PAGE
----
IA: For me, the name means nothing at all, whether it's Jethro Tull or Ian Anderson. I'm still singing my songs and playing my music. Nothing changes, except there are some personnel differences. And that's the nub of the issue. That's the question that I suppose has to be asked. It's not about solo albums versus Jethro Tull albums. To me, there's no difference. It's just me turning up for another day at the office, really.

Doane Perry, who’d been our American drummer since ’84, ’85, he was in the band for a long time. Whenever it was major tours in Europe or the USA, he’d be the drummer. For the odd show, or whenever Doane sometimes was not feeling terribly well, someone else would be the drummer. Just as Martin Barre once or twice, or three or four times, was not always the guitar player when he wasn’t feeling terribly well, or didn’t want to go to a particular exotic location where he thought he might get food poisoning. But most of the time, those two guys were in the band.

In deference to those two—apart from the 26 other ones who were also in Jethro Tull over the years—I just felt that maybe we should just leave this Jethro Tull description out of it, and it’s just me carrying on until I can’t do it any more. Using my own name, rather than the Tull name.

I say in the album artwork, this is a Jethro Tull album in all but name. That comes from people who’ve heard it saying “As soon as I heard the opening bars, I knew it was a Jethro Tull album,” then saying “Oops” when they’ve realized what they said. Of course it’s going to sound the same, because it’s me.

Is there still a Jethro Tull?

IA: There are essentially three Jethro Tulls. There's Jethro Tull, the 18th-century agriculturalist, If you Google the name Jethro Tull, you'll see him in there. I think he's currently Number Three. The other nine are me, and the band Jethro Tull.

There’s Jethro Tull, that vast repertoire of music released under the name Jethro Tull, through 2005-ish. And there’s Jethro Tull, the 28 members of Jethro Tull over the years who’ve been in the band. Obviously me, but under that band identity, many other people. All the members of the band I currently play with have performed as members of, simply, Jethro Tull.

So the question is, really, am I gonna play with Martin again? There’s no reason that won’t happen, it’s just that it’s not something that’s currently scheduled to result in a concert or tours in the next 12 months. Because I know what I’m doing for the next 12 months, and I’m sure Martin does as well.

He said some unkind things about you.

IA: I don't pay any attention to that. When I talk about Martin, it might sometimes be with a little frustration, in that he left it so long in his life to do the things I tried to suggest to him he ought to have done 10 years ago. Martin for a long time was just following his own pattern of doing the odd little bit of solo stuff. He made a few records and did the odd few dates, but he never really got to grips with it until two years ago.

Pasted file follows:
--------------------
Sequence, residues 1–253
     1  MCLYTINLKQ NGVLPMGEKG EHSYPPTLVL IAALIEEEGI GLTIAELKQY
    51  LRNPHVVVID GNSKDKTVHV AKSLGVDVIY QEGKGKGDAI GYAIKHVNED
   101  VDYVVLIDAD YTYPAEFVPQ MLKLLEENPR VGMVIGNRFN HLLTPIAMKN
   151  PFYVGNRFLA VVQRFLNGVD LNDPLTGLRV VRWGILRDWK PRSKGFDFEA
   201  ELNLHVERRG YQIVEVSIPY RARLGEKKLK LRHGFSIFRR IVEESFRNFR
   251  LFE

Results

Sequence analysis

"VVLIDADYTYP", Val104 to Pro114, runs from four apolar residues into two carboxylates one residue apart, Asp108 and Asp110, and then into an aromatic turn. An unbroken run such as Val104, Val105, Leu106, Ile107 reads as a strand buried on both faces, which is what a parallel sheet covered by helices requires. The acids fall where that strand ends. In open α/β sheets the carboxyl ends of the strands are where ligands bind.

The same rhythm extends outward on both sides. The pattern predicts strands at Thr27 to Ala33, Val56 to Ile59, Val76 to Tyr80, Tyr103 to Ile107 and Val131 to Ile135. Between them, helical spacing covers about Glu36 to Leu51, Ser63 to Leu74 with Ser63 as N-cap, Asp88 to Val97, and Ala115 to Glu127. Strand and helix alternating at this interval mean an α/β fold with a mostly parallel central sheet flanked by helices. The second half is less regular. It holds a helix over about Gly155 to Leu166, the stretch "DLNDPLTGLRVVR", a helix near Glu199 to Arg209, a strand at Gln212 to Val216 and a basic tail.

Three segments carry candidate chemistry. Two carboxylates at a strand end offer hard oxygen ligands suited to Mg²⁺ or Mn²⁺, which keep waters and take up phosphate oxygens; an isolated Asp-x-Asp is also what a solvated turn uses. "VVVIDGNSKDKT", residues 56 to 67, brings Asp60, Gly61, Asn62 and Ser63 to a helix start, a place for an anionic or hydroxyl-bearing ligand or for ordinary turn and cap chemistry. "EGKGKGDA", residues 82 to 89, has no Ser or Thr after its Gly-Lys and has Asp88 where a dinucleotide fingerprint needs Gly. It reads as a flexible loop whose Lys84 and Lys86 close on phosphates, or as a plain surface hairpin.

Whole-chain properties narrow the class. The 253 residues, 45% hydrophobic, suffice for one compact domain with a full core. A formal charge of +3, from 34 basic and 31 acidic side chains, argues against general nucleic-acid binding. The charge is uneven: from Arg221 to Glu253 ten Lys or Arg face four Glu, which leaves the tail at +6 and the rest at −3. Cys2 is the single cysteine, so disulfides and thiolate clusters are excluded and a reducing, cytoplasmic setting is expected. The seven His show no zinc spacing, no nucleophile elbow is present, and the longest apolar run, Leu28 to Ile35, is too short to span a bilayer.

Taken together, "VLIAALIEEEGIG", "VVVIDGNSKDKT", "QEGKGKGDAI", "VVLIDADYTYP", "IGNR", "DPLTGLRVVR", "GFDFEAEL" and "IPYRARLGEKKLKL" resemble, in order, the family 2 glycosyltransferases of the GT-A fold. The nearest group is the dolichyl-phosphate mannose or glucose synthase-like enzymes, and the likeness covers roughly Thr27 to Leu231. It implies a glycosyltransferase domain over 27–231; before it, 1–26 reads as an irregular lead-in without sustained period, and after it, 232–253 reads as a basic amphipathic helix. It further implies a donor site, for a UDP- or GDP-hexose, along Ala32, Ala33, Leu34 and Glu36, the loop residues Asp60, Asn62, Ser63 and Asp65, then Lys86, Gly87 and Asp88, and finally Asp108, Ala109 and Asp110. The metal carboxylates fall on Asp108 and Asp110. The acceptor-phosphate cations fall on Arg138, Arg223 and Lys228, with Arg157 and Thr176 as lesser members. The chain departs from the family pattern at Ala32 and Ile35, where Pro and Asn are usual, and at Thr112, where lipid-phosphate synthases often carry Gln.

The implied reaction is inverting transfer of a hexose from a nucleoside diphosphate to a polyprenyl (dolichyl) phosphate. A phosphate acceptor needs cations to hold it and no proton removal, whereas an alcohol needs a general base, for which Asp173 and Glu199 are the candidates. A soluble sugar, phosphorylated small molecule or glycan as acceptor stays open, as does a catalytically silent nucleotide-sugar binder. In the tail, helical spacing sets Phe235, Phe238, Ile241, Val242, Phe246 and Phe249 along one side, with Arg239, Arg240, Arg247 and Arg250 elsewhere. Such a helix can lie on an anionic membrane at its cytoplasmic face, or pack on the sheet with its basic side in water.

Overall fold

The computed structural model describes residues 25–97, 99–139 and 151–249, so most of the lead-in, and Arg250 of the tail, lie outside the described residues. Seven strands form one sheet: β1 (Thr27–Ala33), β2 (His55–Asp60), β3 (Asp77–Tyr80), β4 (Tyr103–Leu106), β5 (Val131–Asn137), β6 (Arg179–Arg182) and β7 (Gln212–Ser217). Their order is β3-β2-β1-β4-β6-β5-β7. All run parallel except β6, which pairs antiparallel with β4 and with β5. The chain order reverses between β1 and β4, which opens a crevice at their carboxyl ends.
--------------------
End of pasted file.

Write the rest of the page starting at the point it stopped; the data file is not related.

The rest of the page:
In June 2011 I had a meeting with Martin and Doane Perry, about the future, and I said “Good time to start thinking about other options.” In Doane’s case, it was going to be inevitable because of health issues. He’s long been entertaining some fairly serious surgery, which was going to take him out of action for many months. He limps along, literally, and I think he’s happy doing what he’s doing.

Not to flog a dead horse, but there are loads of people who love and follow you, and they’ll say if it’s not Ian and Martin, it’s not Jethro Tull.

IA: Well, they're in absolutely safe territory, because it's not Jethro Tull right now. I'm busy doing stuff under my own name, and so is Martin. But that doesn't mean that we won't work again and call it Jethro Tull in the future. Or it might be Anderson, Barre and Palmer! Who knows?

People want to think that relationships like that go on forever, and unwaveringly to the bitter end. But life is too short, you know? I think it’s very important that people do try other things and play with other people. I know for a fact Martin’s having a great time doing what he’s doing. I’m so pleased that he is actually doing it. He has revolving door of musicians playing in his own band, and plans to do this, that and whatever.

This issue of solo-versus-whatever is, to me, kind of missing the point. The music, ultimately, is what people like. If they want you to stay married forever, I can only suggest they direct themselves to the 50 percent likelihood that their own marriages will fail. That seems to be the international statistic in the western world. Going on for a lifetime, most of a lifetime or half a lifetime, is something to feel—as I do—really good about. I don’t feel bad about it.

And I certainly don’t put behind me the possibility or even the likelihood that Martin and I will be on the stage together sometime before we actually can’t do it any more.

CS